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Gibraltar Census History

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Gibraltar Census History

Historical: Gibraltar Censuses Since 1753


Each Census of the past can give a most fascinating insight into aspects of Gibraltar’s history. The details that are recorded, and the years when a Census was taken, afford a glimpse of how the Rock’s population arrived in Gibraltar and how it grew and developed.

The taking of a Census in Gibraltar dates to before the eighteenth century. However, the earliest Census of the whole civilian population that has survived is that of 1753. The results then were: British 434; Genoese 597; Jews 575; Spaniards 185, and Portuguese 25.

By 1767, the Census divided the population into three categories: British and Protestant; Roman Catholics; and Jews. That was to remain the standard classification for the rest of the 18th century. The 1767 figures cover the civil inhabitants “within the walls or out at Landport”. The total then was 2,710 – 467 British, 1,460 Roman Catholics and 783 Jews.

Ten years later, in 1777, the Census became more complex. Not only did the abstract list the three religious categories; the population was now divided into “Natives” and “Not Natives”. The total figure was then 3,201 of whom 506 were Protestant (all of “British Blood”), 1,832 were Roman Catholics (all except 13 of whom were of “Alien Blood”) and 863 were Jews (all of “Alien Blood”), 1,334 of the inhabitants were natives.

The original 1777 list is still extant. It was taken at General Boyd’s command in February. The most interesting category is that of the Roman Catholic inhabitants, as it lists the country of birth of each person. These are the figures:

English and Irish 13
Minorkeens* 62
Natives 845
Genoese and Savoyards 672
Portugueze* 93
Spaniards 134
French 13

* These are the spellings of the original list.

The 1777 Census book contains an alphabetical listing of all the inhabitants by religion – first British and Protestants, second Roman Catholics and third Jews.

The information recorded per person was the surname, first name, age, country of birth (and hence the nationality of the person), occupation, years in the Garrison and remarks. The Scots today would probably object vehemently to the description of their country as recorded in 1777: North Britain! This of course was the result of the rebellions in the North that resulted in the eliminating of the word Scotland from all official documents.

Some of the occupations recorded are quaint: there was one oysterman, there were mantua makers, hucksters, sutlers, patrons (i.e. boat skippers), soil carriers, lamplighters, lime burners and a “Teacher of the Italian”. The remarks column shows that the Census was updated as a record of the population of Gibraltar. This was done after the Great Siege of 1779-1783, when it was necessary to know how many people had survived or returned. Thus one finds little snippets of information such as “Dead”,”gone and returned”, “Kill’d by a shell”, “Deserted during siege to the Enemy”, “Taken Pris’r by the Span’ds”, “ order’d away”, “flogg’d out for a rape”.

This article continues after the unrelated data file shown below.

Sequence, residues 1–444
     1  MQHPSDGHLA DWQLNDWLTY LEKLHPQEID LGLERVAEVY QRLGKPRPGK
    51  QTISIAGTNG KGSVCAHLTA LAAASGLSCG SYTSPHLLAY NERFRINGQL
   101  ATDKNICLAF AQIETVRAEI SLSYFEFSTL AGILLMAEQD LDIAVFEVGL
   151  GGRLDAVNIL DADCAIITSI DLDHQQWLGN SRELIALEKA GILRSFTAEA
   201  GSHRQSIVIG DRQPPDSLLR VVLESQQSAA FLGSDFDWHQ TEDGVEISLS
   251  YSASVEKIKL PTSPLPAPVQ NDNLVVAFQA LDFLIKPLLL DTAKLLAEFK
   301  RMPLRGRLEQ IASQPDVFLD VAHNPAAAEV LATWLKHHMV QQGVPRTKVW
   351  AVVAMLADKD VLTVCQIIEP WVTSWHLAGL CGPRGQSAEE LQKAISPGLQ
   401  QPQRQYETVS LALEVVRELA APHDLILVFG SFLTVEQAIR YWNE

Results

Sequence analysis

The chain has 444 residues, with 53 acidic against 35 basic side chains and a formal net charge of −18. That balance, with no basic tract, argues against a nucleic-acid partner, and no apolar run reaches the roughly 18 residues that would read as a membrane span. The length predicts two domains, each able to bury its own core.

Perhaps one of the most fascinating details is the commencement of the list of the Jewish inhabitants of 1777. It reads:

- Aboab Isaac 65 born: Tetuan Merchant 57 yrs in Gibraltar
- Aboab Hannah 50 born: Gibraltar Wife -
- Aboab Simha 28 born: Tetuan Wife 15 yrs in Gibraltar

This detail shows that English law, which forbids bigamy, was not yet fully operative on the Rock.

The next count recorded was in 1787. The population had increased then by 185 to 3,386, of whom 512 were British, 2,098 were Roman Catholic and 776 were Jews. Within four years, however, there was a sharp drop in the population. John Raleigh the Civil Secretary issued the following notice, dated 8 February 1791, in both English and Spanish:

“The Governor thinking it proper that a correct list of the present Inhabitants and Residents in the garrison shall be immediately made out; Therefore the Inhab’ts and residentiaries of every country and class are hereby required to send into this Office forthwith the names and numbers of each house, family and habitation, including children, servants, tenants, undertenants and lodgers, distinguishing their age, place of nativity and occupation, term of residence and by what Governor or Commander in Chief’s permission each foreigner came here.
The Governor likewise requires the number of Mules, Burros, Horses, Cows, Goats and Sheep at this time in the inhabitant’s possession: These returns may be dropt into the letter Box address’d to the Secretary, and the Governor hopes there will be no omission”.

In addition, at the time, supplementary lists were also made. Examples are the list of Inhabitants Houses of 1778 and the list of Garrison Seamen of 1792.